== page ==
Is God's foreknowledge compatible with human freedom? One of the most attractive attempts to reconcile the two is the Ockhamistic view, which subscribes not only to human freedom and divine omniscience, but retains our most fundamental intuitions concerning God and time: that the past is immutable, that God exists and acts in time, and that there is no backward causation. In order to achieve all that, Ockhamists distinguish ‘hard facts’ about the past which cannot possibly be altered from ‘soft facts’ (...) about the past which are alterable, and argue that God's prior beliefs about human actions are soft facts about the past. (shrink)
What is a natural kind ? As we shall see, the concept of a natural kind has a long history. Many of the interesting doctrines can be detected in Aristotle, were revived by Locke and Leibniz, and have again become fashionable in recent years. Equally there has been agreement about certain paradigm examples: the kinds oak, stickleback and gold are natural kinds, and the kinds table, nation and banknote are not. Sadly agreement does not extend much further. It is impossible (...) to discover a single consistent doctrine in the literature, and different discussions focus on different doctrines without writers or readers being aware of the fact. In this paper I shall attempt to find a defensible distinction between natural and non-natural kinds. (shrink)
How could the self be a substance? There are various ways in which it could be, some familiar from the history of philosophy. I shall be rejecting these more familiar substantivalist approaches, but also the non-substantival theories traditionally opposed to them. I believe that the self is indeed a substance—in fact, that it is a simple or noncomposite substance—and, perhaps more remarkably still, that selves are, in a sense, self-creating substances. Of course, if one thinks of the notion of substance (...) as an outmoded relic of prescientific metaphysics—as the notion of some kind of basic and perhaps ineffable stuff —then the suggestion that the self is a substance may appear derisory. Even what we ordinarily call ‘stuffs’—gold and water and butter and the like—are, it seems, more properly conceived of as aggregates of molecules or atoms, while the latter are not appropriately to be thought of as being ‘made’ of any kind of ‘stuff’ at all. But this only goes to show that we need to think in terms of a more sophisticated notion of substance—one which may ultimately be traced back to Aristotle's conception of a ‘primary substance’ in the Categories , and whose heir in modern times is W. E. Johnson's notion of the ‘continuant’. It is the notion, that is, of a concrete individual capable of persisting identically through qualitative change, a subject of alterable predicates that is not itself predicable of any further subject. (shrink)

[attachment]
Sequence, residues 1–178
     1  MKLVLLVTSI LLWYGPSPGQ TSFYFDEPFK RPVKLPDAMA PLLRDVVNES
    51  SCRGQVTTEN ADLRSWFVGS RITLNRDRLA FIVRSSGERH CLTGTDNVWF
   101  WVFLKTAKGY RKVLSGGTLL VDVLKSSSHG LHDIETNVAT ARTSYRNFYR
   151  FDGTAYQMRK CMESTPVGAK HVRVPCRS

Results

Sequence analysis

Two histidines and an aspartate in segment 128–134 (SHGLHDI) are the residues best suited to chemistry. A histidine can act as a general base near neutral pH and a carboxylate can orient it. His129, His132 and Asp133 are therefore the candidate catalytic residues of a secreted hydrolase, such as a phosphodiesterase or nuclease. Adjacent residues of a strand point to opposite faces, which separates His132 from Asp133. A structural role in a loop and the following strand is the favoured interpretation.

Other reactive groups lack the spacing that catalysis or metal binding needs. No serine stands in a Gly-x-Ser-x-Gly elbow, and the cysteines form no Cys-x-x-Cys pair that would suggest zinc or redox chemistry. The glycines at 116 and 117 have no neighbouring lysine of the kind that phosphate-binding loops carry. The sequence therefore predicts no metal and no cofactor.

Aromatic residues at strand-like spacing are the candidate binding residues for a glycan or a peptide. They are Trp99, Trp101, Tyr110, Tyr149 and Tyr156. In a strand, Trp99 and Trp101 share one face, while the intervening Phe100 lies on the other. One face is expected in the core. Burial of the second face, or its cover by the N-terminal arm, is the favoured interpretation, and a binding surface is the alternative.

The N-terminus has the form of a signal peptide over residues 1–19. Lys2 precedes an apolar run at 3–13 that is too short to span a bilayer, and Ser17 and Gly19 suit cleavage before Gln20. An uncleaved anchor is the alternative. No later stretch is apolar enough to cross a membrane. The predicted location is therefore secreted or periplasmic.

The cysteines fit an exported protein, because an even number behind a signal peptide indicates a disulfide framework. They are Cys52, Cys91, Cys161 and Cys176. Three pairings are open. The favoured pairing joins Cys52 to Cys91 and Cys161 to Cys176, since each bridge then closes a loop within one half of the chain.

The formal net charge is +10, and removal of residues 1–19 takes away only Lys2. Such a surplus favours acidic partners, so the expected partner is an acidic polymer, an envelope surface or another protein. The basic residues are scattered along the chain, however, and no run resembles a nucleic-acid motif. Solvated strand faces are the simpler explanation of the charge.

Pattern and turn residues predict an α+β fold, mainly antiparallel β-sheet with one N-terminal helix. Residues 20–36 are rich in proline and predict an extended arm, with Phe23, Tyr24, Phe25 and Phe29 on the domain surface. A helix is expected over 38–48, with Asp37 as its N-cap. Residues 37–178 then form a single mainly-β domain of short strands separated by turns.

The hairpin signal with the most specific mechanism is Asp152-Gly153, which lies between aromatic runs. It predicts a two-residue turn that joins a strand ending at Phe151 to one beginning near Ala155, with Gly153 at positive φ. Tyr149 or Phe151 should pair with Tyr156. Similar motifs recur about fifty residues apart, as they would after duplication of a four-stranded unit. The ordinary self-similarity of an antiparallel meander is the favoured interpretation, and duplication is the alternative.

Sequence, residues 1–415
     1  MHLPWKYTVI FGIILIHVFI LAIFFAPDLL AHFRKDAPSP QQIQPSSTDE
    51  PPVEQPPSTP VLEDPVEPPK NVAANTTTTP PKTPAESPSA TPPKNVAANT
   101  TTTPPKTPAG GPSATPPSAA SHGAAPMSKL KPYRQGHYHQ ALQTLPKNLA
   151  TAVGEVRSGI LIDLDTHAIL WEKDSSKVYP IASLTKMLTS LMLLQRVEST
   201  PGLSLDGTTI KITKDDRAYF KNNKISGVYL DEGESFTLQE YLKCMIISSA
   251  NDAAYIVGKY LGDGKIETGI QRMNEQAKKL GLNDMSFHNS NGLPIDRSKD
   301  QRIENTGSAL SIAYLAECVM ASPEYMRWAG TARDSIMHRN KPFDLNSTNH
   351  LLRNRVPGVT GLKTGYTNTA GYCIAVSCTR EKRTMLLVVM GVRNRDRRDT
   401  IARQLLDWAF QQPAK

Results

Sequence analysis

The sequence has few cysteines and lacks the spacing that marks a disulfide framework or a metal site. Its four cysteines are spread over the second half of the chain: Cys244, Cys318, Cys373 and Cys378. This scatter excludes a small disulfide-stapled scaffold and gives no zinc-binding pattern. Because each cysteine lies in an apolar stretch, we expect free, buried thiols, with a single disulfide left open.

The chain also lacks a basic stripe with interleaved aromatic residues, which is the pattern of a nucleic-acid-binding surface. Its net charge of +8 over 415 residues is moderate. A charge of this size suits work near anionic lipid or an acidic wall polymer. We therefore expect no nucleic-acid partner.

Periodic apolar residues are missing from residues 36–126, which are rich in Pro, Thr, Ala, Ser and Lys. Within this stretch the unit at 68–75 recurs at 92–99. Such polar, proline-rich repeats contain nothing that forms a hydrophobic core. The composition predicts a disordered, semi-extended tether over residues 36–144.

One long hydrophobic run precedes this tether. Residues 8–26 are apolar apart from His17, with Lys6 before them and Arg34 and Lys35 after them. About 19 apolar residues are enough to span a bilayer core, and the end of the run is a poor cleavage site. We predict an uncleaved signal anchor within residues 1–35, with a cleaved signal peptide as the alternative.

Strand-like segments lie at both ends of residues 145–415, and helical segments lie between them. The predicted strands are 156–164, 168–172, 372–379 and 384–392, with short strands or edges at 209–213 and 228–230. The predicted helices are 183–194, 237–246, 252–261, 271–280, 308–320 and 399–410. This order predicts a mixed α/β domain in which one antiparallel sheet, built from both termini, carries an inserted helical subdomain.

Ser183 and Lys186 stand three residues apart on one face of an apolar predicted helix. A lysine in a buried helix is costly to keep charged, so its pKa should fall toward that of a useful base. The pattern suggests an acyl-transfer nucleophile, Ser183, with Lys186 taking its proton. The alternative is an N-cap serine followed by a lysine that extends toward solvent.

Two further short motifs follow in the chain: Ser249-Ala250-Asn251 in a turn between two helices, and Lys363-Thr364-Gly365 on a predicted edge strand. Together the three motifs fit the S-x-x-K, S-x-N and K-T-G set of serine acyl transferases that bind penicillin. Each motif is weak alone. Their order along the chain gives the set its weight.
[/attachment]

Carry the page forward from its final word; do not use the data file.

The strong weak truth table (sw) reducibility was suggested by Downey, Hirschfeldt, and LaForte as a measure of relative randomness, alternative to the Solovay reducibility. It also occurs naturally in proofs in classical computability theory as well as in the recent work of Soare, Nabutovsky, and Weinberger on applications of computability to differential geometry. We study the sw-degrees of c.e. reals and construct a c.e. real which has no random c.e. real (i.e., Ω number) sw-above it.
The information system StarSoft Wilma used to track and report on the adolescents' behaviour at school can cause problematic situations. These problems manifest themselves in various ways: many of the markings in the system are either wholly unnecessary or at least questionable in nature. This is made the adolescents resent the system. In this paper these side-effects are looked through and compared with an analysis of posts in the Facebook-group 'Wilma Ruined My Life'. As conclusions we claim that (...) the system can create an atmosphere of fear and suspicion amongst the students: resembling an Orwellian or panopticon-like environment which might undermine the students' ability to become full and capable members of an open democratic society. (shrink)
O presente texto procura acompanhar alguns aspectos da reconstrução sartreana das relações entre indivíduo e história, tentando mostrar que a fenomenologia e o materialismo dialético comparecem nessa proposta de conhecimento e que é a convergência das duas perspectivas que permite, contemplando adequadamente a universalidade e a singularidade, descrever e compreender dialeticamente o modo histórico de produção da identidade individual.
This article examines Bolivian vice president Álvaro García Linera’s use of concepts originating in the work of Antonio Gramsci and Bolivian sociologist René Zavaleta Mercado. Zavaleta’s concept of sociedad abigarrada has a history of misappropriation in which García Linera participates by articulating it with the related concept of the estado aparente to claim that the merely ‘apparent’ state which does not effectively represent the heterogeneous social reality of a country like Bolivia is abolished with the official establishment of the Plurinational (...) State in 2009. This ideologeme of the Plurinational State as one that faithfully represents Bolivia’s abigarramiento is equated with the Gramscian stato integrale, which in Gramsci refers to the state proper plus civil society where these are thoroughly integrated to function as an organic whole. Beyond merely misusing the borrowed terms of this discursive operation, García Linera gives a prescriptive value to concepts developed for an analytical purpose to validate the existing regime. (shrink)